Motivational researchers share the view that achievement behavior is an interaction between situational variables and the individual subject's motivation to achieve. Two motives are directly involved in the prediction of behavior, implicit and explicit. Implicit motives are spontaneous impulses to act, also known as task performances, and are aroused through incentives inherent to the task. Explicit motives are expressed through deliberate choices and more often stimulated for extrinsic reasons. Also, individuals with strong implicit needs to achieve goals set higher internal standards, whereas others tend to adhere to the societal norms. These two motives often work together to determine the behavior of the individual in direction and passion.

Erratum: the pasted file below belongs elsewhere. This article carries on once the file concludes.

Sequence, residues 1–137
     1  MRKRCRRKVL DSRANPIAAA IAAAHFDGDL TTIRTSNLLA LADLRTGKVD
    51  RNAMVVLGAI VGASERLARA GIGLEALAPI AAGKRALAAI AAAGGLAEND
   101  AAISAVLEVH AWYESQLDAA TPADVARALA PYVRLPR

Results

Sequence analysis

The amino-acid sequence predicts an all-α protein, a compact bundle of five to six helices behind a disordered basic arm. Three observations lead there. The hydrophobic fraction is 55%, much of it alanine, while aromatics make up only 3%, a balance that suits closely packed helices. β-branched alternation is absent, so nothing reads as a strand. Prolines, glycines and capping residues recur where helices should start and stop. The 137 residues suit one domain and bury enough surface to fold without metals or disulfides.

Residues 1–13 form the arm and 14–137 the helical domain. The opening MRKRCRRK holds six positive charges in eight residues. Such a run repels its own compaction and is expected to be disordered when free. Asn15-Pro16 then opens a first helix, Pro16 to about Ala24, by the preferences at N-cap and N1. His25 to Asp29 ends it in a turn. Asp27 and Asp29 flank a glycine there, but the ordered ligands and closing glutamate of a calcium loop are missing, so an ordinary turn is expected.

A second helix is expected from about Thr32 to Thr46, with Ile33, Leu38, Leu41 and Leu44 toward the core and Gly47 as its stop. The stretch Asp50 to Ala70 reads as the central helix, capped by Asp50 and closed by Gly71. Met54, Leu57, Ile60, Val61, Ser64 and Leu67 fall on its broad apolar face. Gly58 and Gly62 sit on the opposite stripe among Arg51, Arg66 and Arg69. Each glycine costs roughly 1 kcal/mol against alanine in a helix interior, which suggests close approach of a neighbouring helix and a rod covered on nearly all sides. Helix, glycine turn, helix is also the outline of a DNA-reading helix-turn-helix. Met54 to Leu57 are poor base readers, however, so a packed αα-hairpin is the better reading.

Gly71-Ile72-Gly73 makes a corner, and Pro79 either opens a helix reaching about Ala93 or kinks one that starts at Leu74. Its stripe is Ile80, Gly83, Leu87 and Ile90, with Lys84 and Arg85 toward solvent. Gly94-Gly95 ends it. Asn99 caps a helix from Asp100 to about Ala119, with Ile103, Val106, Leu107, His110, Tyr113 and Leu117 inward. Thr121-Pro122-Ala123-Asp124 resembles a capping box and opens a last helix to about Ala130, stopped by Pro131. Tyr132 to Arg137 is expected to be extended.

Explicit and implicit motivations have a compelling impact on behavior. Task behaviors are accelerated in the face of a challenge through implicit motivation, making performing a task in the most effective manner the primary goal. A person with a strong implicit drive will feel pleasure from achieving a goal in the most efficient way. The increase in effort and overcoming the challenge by mastering the task satisfies the individual. However, the explicit motives are built around a person's self-image. This type of motivation shapes a person's behavior based on their own self-view and can influence their choices and responses from outside cues. The primary agent for this type of motivation is perception or perceived ability. Many theorists still cannot agree whether achievement is based on mastering one's skills or striving to promote a better self-image. Most research is still unable to determine whether these different types of motivation would result in different behaviors in the same environment.